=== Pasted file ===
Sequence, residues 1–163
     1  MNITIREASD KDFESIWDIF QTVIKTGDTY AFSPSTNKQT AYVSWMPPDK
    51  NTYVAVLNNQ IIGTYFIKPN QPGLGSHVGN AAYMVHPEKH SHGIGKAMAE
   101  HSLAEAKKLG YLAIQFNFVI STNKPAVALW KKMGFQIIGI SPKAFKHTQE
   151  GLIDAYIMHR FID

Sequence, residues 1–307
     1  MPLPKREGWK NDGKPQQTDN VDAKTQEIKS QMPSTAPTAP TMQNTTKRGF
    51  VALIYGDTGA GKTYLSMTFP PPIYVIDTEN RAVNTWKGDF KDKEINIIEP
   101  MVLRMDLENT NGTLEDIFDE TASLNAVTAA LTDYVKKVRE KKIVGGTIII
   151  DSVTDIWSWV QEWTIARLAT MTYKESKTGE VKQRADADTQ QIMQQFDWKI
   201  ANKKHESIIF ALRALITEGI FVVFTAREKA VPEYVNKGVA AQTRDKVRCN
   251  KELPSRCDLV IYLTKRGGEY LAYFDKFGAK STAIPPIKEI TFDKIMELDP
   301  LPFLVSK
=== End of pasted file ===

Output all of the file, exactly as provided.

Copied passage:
Sequence, residues 1–163
     1  MNITIREASD KDFESIWDIF QTVIKTGDTY AFSPSTNKQT AYVSWMPPDK
    51  NTYVAVLNNQ IIGTYFIKPN QPGLGSHVGN AAYMVHPEKH SHGIGKAMAE
   101  HSLAEAKKLG YLAIQFNFVI STNKPAVALW KKMGFQIIGI SPKAFKHTQE
   151  GLIDAYIMHR FID

Sequence, residues 1–307
     1  MPLPKREGWK NDGKPQQTDN VDAKTQEIKS QMPSTAPTAP TMQNTTKRGF
    51  VALIYGDTGA GKTYLSMTFP PPIYVIDTEN RAVNTWKGDF KDKEINIIEP
   101  MVLRMDLENT NGTLEDIFDE TASLNAVTAA LTDYVKKVRE KKIVGGTIII
   151  DSVTDIWSWV QEWTIARLAT MTYKESKTGE VKQRADADTQ QIMQQFDWKI
   201  ANKKHESIIF ALRALITEGI FVVFTAREKA VPEYVNKGVA AQTRDKVRCN
   251  KELPSRCDLV IYLTKRGGEY LAYFDKFGAK STAIPPIKEI TFDKIMELDP
   301  LPFLVSK